"Hidden Agenda"
Part III

November, 2000
Stallions Gate, NM

"Al, you're impossible!" Verbena cried, sticking her head into his
office doorway.

He didn't even spare her a glance, but kept typing. "How's that?"

"Ziggy tells me this is an easy leap, but you're as swamped with work as
if he'd leaped into a stalker."

"Don't you mean the target of a stalker?" He frowned, hit the delete key
several times, then continued on.

"Either or." As if relenting, she took several steps into the room.
"What are you doing?"

Finally, he looked up. "What?"

She pointed to the screen. "That. What are you doing?"

He squinted at her. "I'm trying to figure out why the odds don't make
sense," he explained carefully.

She stared at the screen for several long seconds, finally realizing he
was running scenarios of his own designing. "What's wrong with them?"

He tapped one finger on the screen. "Too high."

"You've taken a liking to this little girl, huh?" She knew the answer;
she remembered how many hours he'd spent in the Imaging Chamber with
Teresa. It had been incredibly good for him and she'd hoped he'd be
doing more of that this time around.

He shrugged. "I like a lot of people Sam deals with."

"Uh-huh." His response was all she needed. She waited.

He turned to face her abruptly. "She's a _little_girl_, Verbena.
And...these odds don't make sense."

She nodded and sat down, willing to take the conversation in his
direction. "Okay, what's the problem?"

He seemed oddly reluctant to answer, then rested his chin on his fist
and read off the facts to her. "She went to play in the river like she
always does, fell, hit her head, and drowned. Only, this time, she went

"Does she usually go alone?"

He actually looked vaguely surprised at the question, as if he couldn't
imagine her doing so. "I don't believe so..."

She leaned forward, resting her elbows against the desk. "What else is
around the river? Why did she go alone?"

He still looked uncertain. "Ziggy, do we have Bernadette's statement to
the police, yet?"


"Pull it up."

"Please," the computer prompted.

"Now," Al countered. Sternly. He wasn't in the mood for this. Verbena
tried unsuccessfully to hide her amusement. The screen went blank, then
filled with text. "It says...that there's a 6-year old boy on the other
side of the creek that Tabitha was friends with and they used to play
together. Ziggy, call up a bio on that family," he added to the hybrid
computer. "That night, Bernadette...fell. Tabitha ran to get help and
when Bernadette finally realized no-one was coming, she made her way out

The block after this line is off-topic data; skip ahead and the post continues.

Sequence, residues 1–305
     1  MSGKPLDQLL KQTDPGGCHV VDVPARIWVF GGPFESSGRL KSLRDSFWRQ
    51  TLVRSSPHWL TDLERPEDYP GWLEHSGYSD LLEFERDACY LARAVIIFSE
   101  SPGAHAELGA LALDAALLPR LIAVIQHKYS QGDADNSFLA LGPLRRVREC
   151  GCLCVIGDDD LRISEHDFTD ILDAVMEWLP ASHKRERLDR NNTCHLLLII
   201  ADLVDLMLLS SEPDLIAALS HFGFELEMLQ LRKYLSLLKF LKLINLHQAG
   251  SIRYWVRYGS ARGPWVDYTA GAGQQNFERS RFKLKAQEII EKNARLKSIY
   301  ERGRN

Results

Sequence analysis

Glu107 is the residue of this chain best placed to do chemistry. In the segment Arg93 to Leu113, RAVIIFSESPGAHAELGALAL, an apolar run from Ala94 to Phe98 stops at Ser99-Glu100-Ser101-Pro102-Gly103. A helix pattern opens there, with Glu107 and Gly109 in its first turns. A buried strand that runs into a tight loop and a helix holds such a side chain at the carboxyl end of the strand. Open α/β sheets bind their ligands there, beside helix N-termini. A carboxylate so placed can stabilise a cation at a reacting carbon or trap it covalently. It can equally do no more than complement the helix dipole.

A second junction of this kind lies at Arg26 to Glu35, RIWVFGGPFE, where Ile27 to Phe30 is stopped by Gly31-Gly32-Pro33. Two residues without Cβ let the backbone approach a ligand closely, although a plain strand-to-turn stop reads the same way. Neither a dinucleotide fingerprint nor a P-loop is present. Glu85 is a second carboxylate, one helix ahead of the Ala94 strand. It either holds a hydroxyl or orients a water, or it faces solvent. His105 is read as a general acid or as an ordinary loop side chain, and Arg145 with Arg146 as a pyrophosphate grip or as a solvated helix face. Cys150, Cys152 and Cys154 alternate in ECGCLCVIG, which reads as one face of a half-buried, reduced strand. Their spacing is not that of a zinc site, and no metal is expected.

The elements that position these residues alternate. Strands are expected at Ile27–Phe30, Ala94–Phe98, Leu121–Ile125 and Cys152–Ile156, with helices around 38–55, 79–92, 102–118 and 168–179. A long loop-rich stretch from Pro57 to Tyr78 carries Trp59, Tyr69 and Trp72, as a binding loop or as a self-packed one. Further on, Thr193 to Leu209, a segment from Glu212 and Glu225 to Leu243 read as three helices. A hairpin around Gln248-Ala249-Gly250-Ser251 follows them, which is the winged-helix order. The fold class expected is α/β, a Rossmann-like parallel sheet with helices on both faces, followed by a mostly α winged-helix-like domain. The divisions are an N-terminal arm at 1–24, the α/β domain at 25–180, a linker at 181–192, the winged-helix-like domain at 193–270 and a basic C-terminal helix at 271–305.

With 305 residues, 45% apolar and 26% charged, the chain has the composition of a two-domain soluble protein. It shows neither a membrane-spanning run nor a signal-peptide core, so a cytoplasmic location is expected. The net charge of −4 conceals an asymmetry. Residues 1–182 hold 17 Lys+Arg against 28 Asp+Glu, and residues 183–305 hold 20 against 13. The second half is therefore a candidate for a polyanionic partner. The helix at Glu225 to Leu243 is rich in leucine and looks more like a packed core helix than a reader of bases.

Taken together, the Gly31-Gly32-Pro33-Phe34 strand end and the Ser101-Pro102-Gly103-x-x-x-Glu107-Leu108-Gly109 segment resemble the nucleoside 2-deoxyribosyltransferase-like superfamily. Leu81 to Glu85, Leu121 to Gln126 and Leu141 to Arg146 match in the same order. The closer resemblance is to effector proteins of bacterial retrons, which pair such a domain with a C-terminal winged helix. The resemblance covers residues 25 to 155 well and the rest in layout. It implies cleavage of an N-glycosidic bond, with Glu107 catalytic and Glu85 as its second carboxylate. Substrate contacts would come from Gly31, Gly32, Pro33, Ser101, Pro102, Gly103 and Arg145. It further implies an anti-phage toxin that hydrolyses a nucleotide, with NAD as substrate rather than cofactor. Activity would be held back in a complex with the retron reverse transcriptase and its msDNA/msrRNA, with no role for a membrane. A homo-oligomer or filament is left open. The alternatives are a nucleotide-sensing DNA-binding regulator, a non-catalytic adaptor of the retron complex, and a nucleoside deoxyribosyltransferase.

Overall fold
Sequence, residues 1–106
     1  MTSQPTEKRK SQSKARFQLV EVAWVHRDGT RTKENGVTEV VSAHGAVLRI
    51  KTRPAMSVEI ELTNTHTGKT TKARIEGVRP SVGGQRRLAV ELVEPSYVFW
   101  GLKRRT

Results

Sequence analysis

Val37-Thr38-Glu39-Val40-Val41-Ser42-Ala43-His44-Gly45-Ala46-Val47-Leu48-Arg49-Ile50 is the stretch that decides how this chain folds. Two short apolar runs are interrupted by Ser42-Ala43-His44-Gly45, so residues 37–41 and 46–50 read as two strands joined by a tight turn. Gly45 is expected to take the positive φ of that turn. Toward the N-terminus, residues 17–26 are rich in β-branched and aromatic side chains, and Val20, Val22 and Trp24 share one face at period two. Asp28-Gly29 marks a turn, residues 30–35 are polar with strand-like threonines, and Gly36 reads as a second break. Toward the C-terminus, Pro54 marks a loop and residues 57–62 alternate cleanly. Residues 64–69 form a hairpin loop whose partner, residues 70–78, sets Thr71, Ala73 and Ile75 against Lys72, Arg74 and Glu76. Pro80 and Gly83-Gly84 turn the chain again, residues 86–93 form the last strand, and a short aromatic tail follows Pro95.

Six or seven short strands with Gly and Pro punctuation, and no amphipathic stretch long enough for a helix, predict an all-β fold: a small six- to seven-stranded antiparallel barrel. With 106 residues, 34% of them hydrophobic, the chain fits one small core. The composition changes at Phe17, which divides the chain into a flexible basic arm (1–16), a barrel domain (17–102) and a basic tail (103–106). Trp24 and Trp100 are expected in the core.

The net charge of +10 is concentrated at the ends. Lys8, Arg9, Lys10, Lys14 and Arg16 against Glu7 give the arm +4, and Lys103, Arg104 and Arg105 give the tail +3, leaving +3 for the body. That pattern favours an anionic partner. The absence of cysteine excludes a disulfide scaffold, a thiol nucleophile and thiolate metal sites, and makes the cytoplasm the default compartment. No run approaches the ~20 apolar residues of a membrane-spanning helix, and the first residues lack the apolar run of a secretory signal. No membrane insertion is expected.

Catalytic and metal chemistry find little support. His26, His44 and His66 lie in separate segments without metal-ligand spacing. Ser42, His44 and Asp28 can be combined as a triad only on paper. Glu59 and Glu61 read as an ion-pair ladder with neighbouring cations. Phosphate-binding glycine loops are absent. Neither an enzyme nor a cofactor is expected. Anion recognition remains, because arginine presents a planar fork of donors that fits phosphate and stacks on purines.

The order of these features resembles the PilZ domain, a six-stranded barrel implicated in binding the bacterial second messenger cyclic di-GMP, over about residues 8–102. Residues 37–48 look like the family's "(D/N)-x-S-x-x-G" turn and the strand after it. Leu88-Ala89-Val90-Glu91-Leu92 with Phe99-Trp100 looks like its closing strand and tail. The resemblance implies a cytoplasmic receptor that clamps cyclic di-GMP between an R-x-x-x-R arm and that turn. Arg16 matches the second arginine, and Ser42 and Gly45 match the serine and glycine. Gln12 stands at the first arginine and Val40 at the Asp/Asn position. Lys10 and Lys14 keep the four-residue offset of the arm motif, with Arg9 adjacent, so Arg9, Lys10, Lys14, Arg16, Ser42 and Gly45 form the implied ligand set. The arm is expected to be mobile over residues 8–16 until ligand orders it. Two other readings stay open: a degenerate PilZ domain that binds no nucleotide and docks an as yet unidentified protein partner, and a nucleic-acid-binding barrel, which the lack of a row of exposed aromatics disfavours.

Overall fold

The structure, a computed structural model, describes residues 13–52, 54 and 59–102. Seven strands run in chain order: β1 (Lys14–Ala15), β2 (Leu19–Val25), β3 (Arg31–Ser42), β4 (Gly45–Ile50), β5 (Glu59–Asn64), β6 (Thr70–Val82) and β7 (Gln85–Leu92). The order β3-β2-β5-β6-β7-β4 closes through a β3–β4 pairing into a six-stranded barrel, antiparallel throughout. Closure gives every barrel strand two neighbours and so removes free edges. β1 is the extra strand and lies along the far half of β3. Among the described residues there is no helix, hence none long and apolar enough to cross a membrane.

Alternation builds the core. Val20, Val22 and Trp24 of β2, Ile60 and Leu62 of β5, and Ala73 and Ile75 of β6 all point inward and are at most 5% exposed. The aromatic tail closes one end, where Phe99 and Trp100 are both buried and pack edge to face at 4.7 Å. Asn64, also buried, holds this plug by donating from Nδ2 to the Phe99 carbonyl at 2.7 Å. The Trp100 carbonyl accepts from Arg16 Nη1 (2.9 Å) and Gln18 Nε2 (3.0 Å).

to the creek and she was already dead."

"Well, there you have it."

"There I have what? Sam is not a 72-year old woman. If he falls, chances
are it's not going to cripple him. Even assuming he trips over or falls
on whatever hurts her, the odds should have gone down the instant he
found out what he was there to do."

"Maybe they'll go down when you tell him this," she pointed out

"Maybe," he agreed, pulling the keyboard on his lap and leaning back to
stare at the screen. "But maybe not."

"Or it could happen some other way," she suggested. "That's happened in
Sam's leaps before - fate kinda-"

"Fate? Please!" he snorted. "Of all the jobs in the world, this one
should convince you that fate doesn't exist. Besides," he added, calling
the scenarios back up, "I don't believe we all work so hard just to
fulfill what's already set in stone."

"Maybe you're right," she agreed, leaning back in the chair.

"Yep, see, the odds are still...39?" He shook his head and tossed the
keyboard onto his desk. "Ziggy, what the hell's going on?"

"Introduction of new variables. Previously, all we had was an objective
and no details. Now, because I am aware of the situation, I can project
that Dr. Beckett will easily-"

"Hogwash," he interrupted, actually only a little angry, but terribly

"What, precisely, do you use to wash a hog?"

"Oh, just stop talking - please!"

"Admiral," she continued despite his plea, "Ms. Gray is on line 3."

"Perfect. I don't want to talk to her. Tell her Sam's dead - tell her
_I'm_ dead, or, better yet, tell her I've threatened to kill her if she
calls again. Whatever gets rid of her." He was well aware that he was
now officially ranting, but he couldn't seem to help himself.

"And which of those 3 options would you rather I choose?"

Verbena choked and Al was certain she was covering a bout of laughter.
"Tell her no-one's available, Ziggy," she suggested.

"You want me to _lie_?" Ziggy exclaimed.

Al opened the top drawer of his desk. "Right - that does it." He pulled
out a tool kit. "Which system do I start with?"

"You keep a wrench set in your _desk_?" she demanded, aghast.

Al shot her a meaningful look. "Thought it might come in handy."

"Admiral, I believe there are several phone conversations of yours with
Alexa in the lower labs and Brenda in-"

He was standing now. "Ziggy..."

"That Tina would-"

"I'm going to go see Sam," Al announced loudly. Verbena shot him a
disapproving look and Ziggy fell (mercifully) silent. He nodded in
satisfaction and marched out, positive he heard Verbena burst into
giggles as he left. Reluctantly, he broke into a small grin, and then
headed for the elevator.

October, 1998
Hardesty, OK

Al stepped through the Imaging Chamber Door to see a small wooden bridge
linking the two grassy shores on either side of Clearwater Creek. He'd
wanted to see the spot himself, to get a better idea of what would
happen the following evening. It was twilight and hard to see, but he